NVIDIA Rolls Their Own Handheld Console: Project Shield, Powered By Tegra 4by Ryan Smith on January 7, 2013 1:14 AM EST
NVIDIA Rolls Their Own Handheld Console: Project Shield, Powered By Tegra 4
Though most of the important launch details of Tegra 4 were leaked weeks in advance, NVIDIA did manage to keep their final major CES announcement under wraps to the very end. Wrapping up their CES presentation, NVIDIA has announced that they will be entering into the handheld console business with their own Tegra 4 powered console, dubbed Project Shield.
While we’re still waiting on NVIDIA for further details, what we do know so far is that Project Shield is essentially a handheld console built around NVIDIA’s recently announced Tegra 4 SoC. Details on Tegra 4 are still sparse since NVIDIA has not announced the individual SKUs, but we do know that the top-end configuration contains 5 ARM A15 CPU cores in a 4+1 configuration similar to Tegra 3, and on the GPU side is backed with a hereto unknown GPU architecture composed of 72 GPU cores.
All of this is built into an oversized game controller that is configured very similarly to the PS3 DualShock 3 controller, possessing 2 concave thumbsticks, a 360-like D-pad , 4 face buttons, and 4 shoulder triggers/buttons (2 on each side). Topping off the console is a 5” 720p multitouch display (no word yet on whether it’s OLED or LCD) that flips over the console in a clamshell fashion. Meanwhile powering the device will be 38 watt-hours of Lithium-Ion battery cells; this is roughly between the Nexus 10 (33.75Wh) and the iPad 3/4 (42.5Wh), meaning Shield will have what amounts to a tablet-capacity battery.
Backing that hardware, storage is provided by a combination of internal and external storage; external storage is provided by a micro-SD card slot found on the back side of the handheld. Also found on the back side of the handheld are a number of other ports: micro-HDMI for display output (4K resolution supported!), micro-USB for data connectivity, and a standard 3.5mm audio jack for headphones. Wireless connectivity is also available, with WiFi for data and Miracast plus additional formats for video output.
On the software side of things Project Shield is running what NVIDIA is calling “pure Android”, which in this case is presumably a reference to them not doing any skinning/customizations, ala MotoBlur, TouchWiz, and other OEM customizations. This means that Project Shield is capable of running standard applications (something NVIDIA made sure to demo) and is otherwise usable as a standard Android device. Meanwhile NVIDIA’s Shield application is where gaming takes place, effectively launching users into NVIDIA’s own sandbox, where gamers can pick up Shield-optimized games from the TegraZone store and then run them on the device.
Finally, on the software side of things NVIDIA is also going to be offering a level of integration between Project Shield and their GeForce products by offering their own Splashtop-like remote gaming experience. By leveraging the Video Codec Engine video encoder inside their recent GTX 600 video cards, Project Shield devices will be able to connect to PCs to do remote gaming. To show this off NVIDIA showed a GTX 680 equipped PC running Steam in Big Picture mode being streamed to Shield, the logical pairing to Project Shield’s dual nature as a portable computing device and a controller. Shield will of course also be able to function as an endpoint for any cloud game service providers using NVIDIA's GeForce GRID technology.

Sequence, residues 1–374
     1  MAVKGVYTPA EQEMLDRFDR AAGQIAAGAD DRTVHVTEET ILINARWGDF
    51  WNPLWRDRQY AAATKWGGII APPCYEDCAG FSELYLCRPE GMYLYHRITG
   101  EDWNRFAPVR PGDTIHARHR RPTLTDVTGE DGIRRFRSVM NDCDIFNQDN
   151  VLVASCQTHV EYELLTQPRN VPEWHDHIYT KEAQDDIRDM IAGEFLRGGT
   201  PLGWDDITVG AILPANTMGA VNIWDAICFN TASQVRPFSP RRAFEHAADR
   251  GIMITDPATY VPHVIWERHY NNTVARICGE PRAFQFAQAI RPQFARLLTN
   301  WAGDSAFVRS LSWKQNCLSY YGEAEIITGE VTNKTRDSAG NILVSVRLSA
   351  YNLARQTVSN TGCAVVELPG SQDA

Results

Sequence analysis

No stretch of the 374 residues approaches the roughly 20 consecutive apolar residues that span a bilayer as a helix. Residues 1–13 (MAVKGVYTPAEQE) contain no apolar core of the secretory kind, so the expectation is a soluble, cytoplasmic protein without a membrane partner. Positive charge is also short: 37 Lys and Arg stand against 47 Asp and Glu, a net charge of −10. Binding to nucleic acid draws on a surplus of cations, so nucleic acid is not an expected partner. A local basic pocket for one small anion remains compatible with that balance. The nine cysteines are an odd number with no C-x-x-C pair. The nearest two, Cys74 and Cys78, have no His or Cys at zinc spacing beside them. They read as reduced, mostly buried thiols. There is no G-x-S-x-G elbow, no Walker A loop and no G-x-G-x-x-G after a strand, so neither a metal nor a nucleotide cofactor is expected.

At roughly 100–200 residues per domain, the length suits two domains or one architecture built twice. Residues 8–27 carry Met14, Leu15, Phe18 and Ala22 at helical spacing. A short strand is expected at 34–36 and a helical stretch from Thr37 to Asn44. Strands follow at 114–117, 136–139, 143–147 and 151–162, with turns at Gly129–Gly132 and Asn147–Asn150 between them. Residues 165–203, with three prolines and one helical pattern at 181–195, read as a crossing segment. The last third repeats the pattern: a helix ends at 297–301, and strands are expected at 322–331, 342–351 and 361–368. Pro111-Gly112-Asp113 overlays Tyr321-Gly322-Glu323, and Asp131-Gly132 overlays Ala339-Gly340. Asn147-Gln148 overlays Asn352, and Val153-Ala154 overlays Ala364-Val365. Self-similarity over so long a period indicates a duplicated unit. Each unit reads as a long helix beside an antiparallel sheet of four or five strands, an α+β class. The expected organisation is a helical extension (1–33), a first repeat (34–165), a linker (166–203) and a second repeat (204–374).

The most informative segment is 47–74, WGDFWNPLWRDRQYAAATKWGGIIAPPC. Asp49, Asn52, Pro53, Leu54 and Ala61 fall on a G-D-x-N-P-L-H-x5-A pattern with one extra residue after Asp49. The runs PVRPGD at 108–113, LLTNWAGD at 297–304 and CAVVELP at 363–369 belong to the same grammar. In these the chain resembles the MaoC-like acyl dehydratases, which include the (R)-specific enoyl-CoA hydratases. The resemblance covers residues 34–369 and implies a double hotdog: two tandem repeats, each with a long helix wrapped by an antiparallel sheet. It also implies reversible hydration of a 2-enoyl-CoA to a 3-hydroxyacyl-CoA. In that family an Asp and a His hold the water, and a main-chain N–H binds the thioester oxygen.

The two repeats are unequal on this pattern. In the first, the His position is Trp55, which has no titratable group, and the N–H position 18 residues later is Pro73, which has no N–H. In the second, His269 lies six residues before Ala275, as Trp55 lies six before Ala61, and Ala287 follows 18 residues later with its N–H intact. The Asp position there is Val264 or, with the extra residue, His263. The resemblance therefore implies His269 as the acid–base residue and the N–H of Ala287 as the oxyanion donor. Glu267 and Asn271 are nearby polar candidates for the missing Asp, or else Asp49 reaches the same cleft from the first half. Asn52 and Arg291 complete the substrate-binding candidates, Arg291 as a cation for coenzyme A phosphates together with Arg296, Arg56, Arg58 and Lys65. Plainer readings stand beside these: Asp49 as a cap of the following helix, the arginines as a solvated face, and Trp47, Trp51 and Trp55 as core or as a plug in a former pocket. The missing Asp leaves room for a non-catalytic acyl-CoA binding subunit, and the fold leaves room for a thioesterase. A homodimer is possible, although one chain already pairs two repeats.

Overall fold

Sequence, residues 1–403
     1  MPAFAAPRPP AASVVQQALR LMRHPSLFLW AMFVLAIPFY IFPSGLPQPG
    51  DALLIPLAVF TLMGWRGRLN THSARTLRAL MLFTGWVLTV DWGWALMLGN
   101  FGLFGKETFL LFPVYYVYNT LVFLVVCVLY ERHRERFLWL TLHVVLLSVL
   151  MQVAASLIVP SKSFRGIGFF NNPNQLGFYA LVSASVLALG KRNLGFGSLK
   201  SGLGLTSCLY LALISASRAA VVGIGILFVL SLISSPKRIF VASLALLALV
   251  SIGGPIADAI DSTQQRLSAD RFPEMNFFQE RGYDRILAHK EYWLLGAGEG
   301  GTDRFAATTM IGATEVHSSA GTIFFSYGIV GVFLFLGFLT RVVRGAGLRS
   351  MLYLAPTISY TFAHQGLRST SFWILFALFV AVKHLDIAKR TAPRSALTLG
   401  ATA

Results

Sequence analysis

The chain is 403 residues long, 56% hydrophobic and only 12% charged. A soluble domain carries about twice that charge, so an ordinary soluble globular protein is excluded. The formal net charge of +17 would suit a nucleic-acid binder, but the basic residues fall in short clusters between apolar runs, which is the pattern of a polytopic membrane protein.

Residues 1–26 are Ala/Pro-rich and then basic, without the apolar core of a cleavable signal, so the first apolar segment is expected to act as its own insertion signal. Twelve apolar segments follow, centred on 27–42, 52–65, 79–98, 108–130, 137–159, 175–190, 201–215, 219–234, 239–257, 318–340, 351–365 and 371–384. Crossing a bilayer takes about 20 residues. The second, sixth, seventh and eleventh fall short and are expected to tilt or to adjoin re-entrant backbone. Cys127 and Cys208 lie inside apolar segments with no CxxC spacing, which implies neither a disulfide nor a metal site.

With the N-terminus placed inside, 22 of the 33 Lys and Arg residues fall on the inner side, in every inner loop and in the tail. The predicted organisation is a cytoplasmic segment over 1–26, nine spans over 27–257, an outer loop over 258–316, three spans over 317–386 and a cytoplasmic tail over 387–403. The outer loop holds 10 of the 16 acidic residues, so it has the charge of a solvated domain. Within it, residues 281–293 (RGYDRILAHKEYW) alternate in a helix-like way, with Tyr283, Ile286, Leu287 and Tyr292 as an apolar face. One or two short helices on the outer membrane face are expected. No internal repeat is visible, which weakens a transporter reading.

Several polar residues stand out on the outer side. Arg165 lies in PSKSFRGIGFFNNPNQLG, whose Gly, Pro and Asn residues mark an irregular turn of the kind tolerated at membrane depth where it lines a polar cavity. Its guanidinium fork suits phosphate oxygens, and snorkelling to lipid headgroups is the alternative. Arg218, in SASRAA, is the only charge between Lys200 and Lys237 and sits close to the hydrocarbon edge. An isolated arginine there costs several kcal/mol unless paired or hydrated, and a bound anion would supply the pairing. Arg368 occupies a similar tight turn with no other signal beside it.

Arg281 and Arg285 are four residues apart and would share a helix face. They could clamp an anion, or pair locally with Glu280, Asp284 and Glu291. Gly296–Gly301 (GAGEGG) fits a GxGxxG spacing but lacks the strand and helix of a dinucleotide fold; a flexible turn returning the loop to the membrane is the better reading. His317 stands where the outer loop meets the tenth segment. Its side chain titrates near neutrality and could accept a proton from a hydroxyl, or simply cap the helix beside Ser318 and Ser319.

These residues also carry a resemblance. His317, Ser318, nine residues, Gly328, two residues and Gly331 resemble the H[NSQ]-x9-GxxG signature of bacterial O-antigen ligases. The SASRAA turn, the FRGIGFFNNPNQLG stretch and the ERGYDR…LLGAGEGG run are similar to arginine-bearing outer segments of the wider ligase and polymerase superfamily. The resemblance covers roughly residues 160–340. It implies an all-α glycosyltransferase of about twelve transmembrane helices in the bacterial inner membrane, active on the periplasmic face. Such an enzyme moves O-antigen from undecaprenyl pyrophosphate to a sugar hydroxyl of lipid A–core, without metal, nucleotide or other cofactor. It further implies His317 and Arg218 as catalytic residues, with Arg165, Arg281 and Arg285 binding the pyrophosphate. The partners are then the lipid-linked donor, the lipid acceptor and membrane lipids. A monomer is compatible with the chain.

Edit: At this point NVIDIA has not announced hard pricing or availability, but we have been given guidance that "Shield will launch in Q2 at a price competitive with other mobile gaming systems and tablets." Since the critical component here is Tegra 4, the Q2 projection for Project Shield’s availability most likely hinges on when exactly T4 will become available this year.
|Handheld Specification Comparison|
|Project Shield||Sony PS Vita||Nintendo 3DS XL||Google Nexus 7||Apple iPad mini|
|Display||5-inch 1280 x 720||5-inch 960 x 544 OLED||4.9-inch 800 x 240 + 4.2-inch 320x240 TN||7" 1280 x 800 IPS||7.85-inch 1024 x 768 IPS|
|CPU||NVIDIA Tegra 4 (4+1 Cortex A15)||
4 x Cortex A9
2 x ARM11
|1.3 GHz NVIDIA Tegra 3 (T30L - 4 x Cortex A9)||1GHz Apple A5 (2 x Cortex A9)|
|GPU||NVIDIA Tegra 4 (72 GPU cores)||PowerVR SGX543MP4||PICA 200||NVIDIA Tegra 3 (T30L)||PowerVR SGX543MP2|
|Connectivity||WiFi, HDMI, USB||WiFi, USB||WiFi||WiFi , USB||WiFi, Lightning|
|Memory||N/A||512MB + 128MB||128MB + 6MB||1GB||512MB|
|Storage||N/A + Micro-SD||Proprietary||2GB + Micro-SD||16GB||16GB|
Source: NVIDIA Project Shield Page
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CeriseCogburn - Monday, January 14, 2013 - linkThree 18650 li-on 3400mah batteries- 5 inch led screen.
Since it streams PC games over wifi, no more complaining about console crap games!
LOL - want one.
Wolfpup - Monday, January 7, 2013 - linkBut even still I might buy it...dang, Tegra 4 looks awesome. Not really surprising since Tegra 2 and 3 were awesome when they released too.
ganjha - Monday, January 7, 2013 - linkThat's one big audio connector they have; 3.5"... :-D
xcomvic - Monday, January 7, 2013 - linkIf they price this around $100.00 they will win the mobile gaming award of the century. They will have to compete with the Ouya and Gamestick. They might get away with $125.00. Anything higher I don't think will be viable.
Guspaz - Monday, January 7, 2013 - linkThe 3DS is perfectly viable at $170, why would nothing above $125 be viable?
CeriseCogburn - Monday, January 14, 2013 - linkI'll pay $475.
I've got a websurfer, I've got all of Android, I've got portable gaming, I've got all my PC games at my fingertips. I've got bass reflex sound. I've got a touchscreen, I've got on board storage, I've got HDMI to my bigscreen.
I've got a console PLUS my entire PC in my hands.
Hello ? Another cheapo amd fanboy. Ask mommy for a present.